“Just a few days later, however, Carew said, “Everybody is trying to get me to rap Calvin…I’m through talking about the incident.” And in January of 1979, when his contract was being negotiated, Joe Soucheray of the Minneapolis Tribune quoted him as saying, “I’m not trying to be another Pete Rose [referring to Rose's recent $800,000-a year deal with the Philadelphia Phillies]. I’ve been underpaid for so many years now that it no longer bothers me…I’ve been willing to make concessions. I’ve been willing to take less money than people think.” It seemed to Soucheray and to at least one other local sportswriter that Carew was beginning to regret the prospect of leaving. Soucheray asked, “What are we to make of Carew’s sentimental wavering? Carew is practically crying out for Griffith to take advantage of him.” In the end, Carew was traded to California, where he reportedly signed a five-year contract for $4 million.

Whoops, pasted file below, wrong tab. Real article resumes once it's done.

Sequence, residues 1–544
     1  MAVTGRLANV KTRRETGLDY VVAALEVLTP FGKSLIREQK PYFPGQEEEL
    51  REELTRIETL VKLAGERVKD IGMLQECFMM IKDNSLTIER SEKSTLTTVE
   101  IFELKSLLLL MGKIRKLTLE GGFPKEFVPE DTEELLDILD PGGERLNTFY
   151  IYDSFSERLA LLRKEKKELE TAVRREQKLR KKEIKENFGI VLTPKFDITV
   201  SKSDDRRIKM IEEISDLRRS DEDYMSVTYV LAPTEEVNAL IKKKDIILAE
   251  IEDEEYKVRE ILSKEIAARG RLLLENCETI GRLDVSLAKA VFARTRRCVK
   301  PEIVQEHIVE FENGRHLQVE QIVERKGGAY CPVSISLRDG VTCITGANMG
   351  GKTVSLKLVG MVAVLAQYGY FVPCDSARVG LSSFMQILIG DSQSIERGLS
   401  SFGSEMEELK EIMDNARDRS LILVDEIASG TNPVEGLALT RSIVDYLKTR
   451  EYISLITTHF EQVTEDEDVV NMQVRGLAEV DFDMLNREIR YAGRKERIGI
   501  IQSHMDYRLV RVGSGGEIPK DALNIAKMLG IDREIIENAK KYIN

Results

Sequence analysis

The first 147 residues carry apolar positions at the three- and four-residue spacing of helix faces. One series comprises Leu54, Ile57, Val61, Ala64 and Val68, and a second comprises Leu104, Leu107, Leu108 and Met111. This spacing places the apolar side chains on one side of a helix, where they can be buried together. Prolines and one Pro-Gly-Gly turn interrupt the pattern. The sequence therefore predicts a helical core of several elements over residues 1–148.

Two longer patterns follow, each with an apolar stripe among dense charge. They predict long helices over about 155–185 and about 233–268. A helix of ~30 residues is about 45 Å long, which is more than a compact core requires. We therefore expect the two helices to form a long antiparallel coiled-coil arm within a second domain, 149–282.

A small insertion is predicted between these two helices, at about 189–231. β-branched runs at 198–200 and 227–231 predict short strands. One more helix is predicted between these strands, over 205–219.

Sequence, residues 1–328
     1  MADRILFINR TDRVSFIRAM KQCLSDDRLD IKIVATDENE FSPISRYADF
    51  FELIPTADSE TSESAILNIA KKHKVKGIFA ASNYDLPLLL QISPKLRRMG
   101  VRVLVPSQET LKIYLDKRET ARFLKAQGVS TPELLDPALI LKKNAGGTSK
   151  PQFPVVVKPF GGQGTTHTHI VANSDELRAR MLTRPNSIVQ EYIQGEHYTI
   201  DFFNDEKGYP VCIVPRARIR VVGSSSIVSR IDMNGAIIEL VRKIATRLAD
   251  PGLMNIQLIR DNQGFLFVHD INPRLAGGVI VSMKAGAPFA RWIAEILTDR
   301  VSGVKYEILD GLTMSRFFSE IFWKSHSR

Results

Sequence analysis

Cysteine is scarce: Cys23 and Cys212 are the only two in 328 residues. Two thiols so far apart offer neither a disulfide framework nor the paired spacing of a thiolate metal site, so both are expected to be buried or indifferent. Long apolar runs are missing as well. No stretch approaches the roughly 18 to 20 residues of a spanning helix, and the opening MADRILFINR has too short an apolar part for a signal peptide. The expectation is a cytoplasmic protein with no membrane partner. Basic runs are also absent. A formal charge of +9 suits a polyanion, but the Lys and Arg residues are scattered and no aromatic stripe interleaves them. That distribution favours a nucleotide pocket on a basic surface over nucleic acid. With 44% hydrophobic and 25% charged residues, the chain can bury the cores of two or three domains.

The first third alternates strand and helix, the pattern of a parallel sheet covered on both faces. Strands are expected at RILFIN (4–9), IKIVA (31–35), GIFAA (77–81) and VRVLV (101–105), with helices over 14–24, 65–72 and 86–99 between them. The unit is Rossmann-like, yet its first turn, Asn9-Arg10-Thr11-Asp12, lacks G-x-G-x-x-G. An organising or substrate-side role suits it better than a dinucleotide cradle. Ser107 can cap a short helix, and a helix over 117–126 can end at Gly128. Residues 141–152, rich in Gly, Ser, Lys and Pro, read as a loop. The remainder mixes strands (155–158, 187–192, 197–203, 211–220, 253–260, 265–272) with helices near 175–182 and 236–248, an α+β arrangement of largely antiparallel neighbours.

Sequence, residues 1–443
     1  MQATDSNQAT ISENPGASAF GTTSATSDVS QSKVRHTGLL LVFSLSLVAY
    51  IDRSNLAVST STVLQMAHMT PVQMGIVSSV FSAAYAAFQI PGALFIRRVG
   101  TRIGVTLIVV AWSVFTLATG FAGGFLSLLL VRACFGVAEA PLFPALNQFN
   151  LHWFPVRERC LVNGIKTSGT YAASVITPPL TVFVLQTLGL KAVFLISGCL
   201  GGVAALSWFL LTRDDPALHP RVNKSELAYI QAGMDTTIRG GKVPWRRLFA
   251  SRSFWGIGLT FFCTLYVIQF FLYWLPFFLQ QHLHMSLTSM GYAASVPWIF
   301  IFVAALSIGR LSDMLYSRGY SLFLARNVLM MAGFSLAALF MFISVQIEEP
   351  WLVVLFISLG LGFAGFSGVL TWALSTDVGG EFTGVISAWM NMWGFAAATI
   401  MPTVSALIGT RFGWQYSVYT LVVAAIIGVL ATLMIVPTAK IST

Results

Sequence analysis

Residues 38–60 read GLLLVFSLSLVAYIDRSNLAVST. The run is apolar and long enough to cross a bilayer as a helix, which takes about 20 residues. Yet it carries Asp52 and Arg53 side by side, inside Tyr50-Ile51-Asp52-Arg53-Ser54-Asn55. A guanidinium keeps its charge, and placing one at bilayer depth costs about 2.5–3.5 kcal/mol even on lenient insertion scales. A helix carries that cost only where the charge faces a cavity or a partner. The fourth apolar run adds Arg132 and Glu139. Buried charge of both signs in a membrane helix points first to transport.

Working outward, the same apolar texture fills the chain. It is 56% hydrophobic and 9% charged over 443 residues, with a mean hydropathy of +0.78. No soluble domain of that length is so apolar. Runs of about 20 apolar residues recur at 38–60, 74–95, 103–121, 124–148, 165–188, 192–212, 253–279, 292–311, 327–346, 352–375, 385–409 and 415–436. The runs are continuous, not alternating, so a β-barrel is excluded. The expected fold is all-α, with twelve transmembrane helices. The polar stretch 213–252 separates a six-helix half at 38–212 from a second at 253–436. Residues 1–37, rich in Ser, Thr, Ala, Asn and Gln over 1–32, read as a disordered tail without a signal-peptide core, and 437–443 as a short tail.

Lenehan eventually talked to Carew, but it was clear whose side he was on:

On a wet Saturday afternoon in Anaheim, I approached Rod Carew to ask him about the incident. I couldn’t claim to know Calvin Griffith well, but I found myself agreeing with the disinterested onlookers who had told me that he couldn’t possibly have meant any harm by the things he was supposed to have said — although knowing Calvin, all agreed, it was entirely possible that he had said them. I wondered if Carew could have meant the things that he was supposed to have said. I had in mind his ambivalence about leaving Minnesota, and I suppose I was speculating that it had all been an unfortunate misunderstanding, aggravated into significance by the press and by the contradictory feelings that might pass between a now-mature player and the man he had called his second father. Carew was not very expansive on the subject. “I don’t care to talk about the Twins organization,” he said. “For some reason everything I say about it gets twisted and turned.”